Salem Maritime National Historic Site 

Salem Maritime National Historic Site 

is a National Historic Site consisting of 12 historic structures, one replica tall-ship, and about 9 acres (36,000 m2) of land along the waterfront of Salem Harbor in Salem, Massachusetts. Salem Maritime is the first National Historic Site established in the United States (March 17, 1938). interprets the Triangle Trade during the colonial period, in cotton, rum, sugar and slaves.

The actions of privateers during the American Revolution; and global maritime trade with the Far East, after independence. The National Park Service manages both the National Historic Site and a Regional Visitor Center in downtown Salem. The National Park Service (NPS) is an agency of the United States Department of the Interior.

Scrimshaw Gallery: Salem: Derby Wharf and the Custom House c. 1825
Scrimshaw Gallery: Salem: Derby Wharf and the Custom House c. 1825

In 2014, the National Park Service, which runs the Salem Maritime National Historic Site, released figures and statistics for 2012: there were 756,038 visitors to Salem who spent an estimated $40,000,000. The National Park Service celebrated its 100th anniversary in 2016

Properties of Salem Maritime National Historic Site 

The site preserves and interprets numerous maritime resources in the form of artifacts, collections and structures, including:

Derby Wharf (1762) 

Salem Maritime National Historic Site 
Salem Maritime National Historic Site

Salem’s longest wharf (nearly 1/2 mile). When in active use, it was lined with warehouses of goods from around the world. The Derby Wharf Light (1871) remains at the end of the wharf.

Derby House (1762)

Built in 1762 by Captain Richard Derby as a wedding gift for his son, a fine example of Georgian architecture. Derby was the first millionaire in the New World.

Friendship of Salem – Replica of a 1797 

East Indiaman; the new ship was built in the Scarano Brothers Shipyard in Albany, New York, in 2000 and is operated as a museum ship. The original Friendship made 15 voyages during her career: to Batavia, India, China, South America, the Caribbean, England, Germany, the Mediterranean, and Russia. She was captured as a prize of the War of 1812 by the British in September 1812.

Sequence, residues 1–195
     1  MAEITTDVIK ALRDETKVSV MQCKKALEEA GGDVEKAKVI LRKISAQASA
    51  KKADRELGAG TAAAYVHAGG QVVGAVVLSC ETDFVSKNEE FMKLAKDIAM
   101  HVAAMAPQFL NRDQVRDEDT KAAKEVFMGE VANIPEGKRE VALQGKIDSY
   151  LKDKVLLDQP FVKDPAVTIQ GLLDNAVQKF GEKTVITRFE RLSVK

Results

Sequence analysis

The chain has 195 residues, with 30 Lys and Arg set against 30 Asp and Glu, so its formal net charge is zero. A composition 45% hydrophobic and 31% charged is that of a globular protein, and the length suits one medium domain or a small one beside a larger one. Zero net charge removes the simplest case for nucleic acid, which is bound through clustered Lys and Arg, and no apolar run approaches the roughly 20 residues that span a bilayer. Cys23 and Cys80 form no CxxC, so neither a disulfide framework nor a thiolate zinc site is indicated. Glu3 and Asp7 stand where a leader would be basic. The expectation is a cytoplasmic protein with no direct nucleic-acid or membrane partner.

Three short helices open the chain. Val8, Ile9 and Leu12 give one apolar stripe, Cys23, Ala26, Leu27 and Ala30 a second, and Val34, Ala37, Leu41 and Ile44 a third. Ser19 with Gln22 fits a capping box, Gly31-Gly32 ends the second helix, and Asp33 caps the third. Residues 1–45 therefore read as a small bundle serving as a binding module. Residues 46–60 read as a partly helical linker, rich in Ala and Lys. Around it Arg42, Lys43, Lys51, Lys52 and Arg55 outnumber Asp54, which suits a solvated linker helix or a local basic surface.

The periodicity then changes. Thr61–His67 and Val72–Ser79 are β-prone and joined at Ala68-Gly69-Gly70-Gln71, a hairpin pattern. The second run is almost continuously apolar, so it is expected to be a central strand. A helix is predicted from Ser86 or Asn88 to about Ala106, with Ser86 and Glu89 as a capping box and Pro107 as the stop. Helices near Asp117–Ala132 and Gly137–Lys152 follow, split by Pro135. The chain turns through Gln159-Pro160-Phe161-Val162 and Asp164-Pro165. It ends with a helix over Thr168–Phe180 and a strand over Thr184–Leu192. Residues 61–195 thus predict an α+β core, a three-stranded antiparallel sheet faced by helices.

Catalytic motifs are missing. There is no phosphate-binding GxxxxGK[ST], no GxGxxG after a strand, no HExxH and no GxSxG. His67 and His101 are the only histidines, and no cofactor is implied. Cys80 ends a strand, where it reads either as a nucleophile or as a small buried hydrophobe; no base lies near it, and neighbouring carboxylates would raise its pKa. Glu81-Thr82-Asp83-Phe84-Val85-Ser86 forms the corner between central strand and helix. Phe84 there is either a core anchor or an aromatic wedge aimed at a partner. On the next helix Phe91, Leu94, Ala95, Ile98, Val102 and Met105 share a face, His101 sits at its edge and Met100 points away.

St. Joseph Hall (1909)

Original home of The St. Joseph Society (1897), a fraternal society established by Polish immigrants. The first floor was retail space that could be rented out to provide an income for the support of the building. The large hall on the second floor was the site of hundreds of weddings, dances, plays, and other social events in the Polish community, which expanded rapidly in the late 19th-early 20th-century immigration wave. On the top floor, the Society built several apartments to house new immigrants until they could get permanently settled. The building now serves as park headquarters.

Narbonne House (1675)

The part of the house with the high peaked roof was built by butcher Thomas Ives, who later added a lean-to the south side and a kitchen lean-to at the back. Around 1740 the southern lean-to was replaced by today’s gambrel-roofed addition. From 1750 to 1780, the house was owned by Capt. Joseph Hodges, and in 1780 the house was purchased by tanner Jonathan Andrew. The house was lived in by descendants of the Andrew family from 1780 to 1964, when the house was sold to the National Park Service.

Hawkes House (1780, 1800)

Designed by famous Salem architect Samuel McIntire, building was begun in 1780. The unfinished building was purchased and completed around 1800 by Benjamin Hawkes.

West India Goods Store (1804)

Built by Captain Henry Prince about 1804 and was likely first used as a warehouse, where Prince kept goods imported from the East Indies, such as pepper, coffee, water buffalo hides, and tortoise shells. By 1836, Charles Dexter had a shop in this building. It was one of many that served the needs of Salem households by selling candles, oils, clothing, tin, and glassware. Besides stocking general groceries such as grain, cheese, dried beans and even rum, the store attracted customers with many foreign imported goods and luxuries from Europe, Asia and Africa. The store continued to operate as a retail space throughout the nineteenth century. Later occupants included painters, a tobacconist, and a wine and liquor merchant.

West India Goods Store (1804) -Salem Maritime National Historic
West India Goods Store (1804) -Salem Maritime National Historic

Salem Custom House (1819)

The 13th Customs House in Salem; the first was built in 1649. Taxes were collected on imported cargoes.[10] Nathaniel Hawthorne wrote about the eagle on top of the Custom House in his novel The Scarlet Letter. The eagle was carved by woodcarver and cabinetmaker Joseph True. Other works of his are in the Peabody Essex Museum in Salem.

Pedrick Store House, (1770)

A three-story building, constructed around 1770, is a historic rigging and sail loft, which was relocated to the Salem Maritime National Historic Site from Marblehead, MA in 2007.

Old Salem City Hall

It is the oldest municipal building in Salem. The first floor was intended to function as a market and the upper floor is where the offices and public rooms were located.

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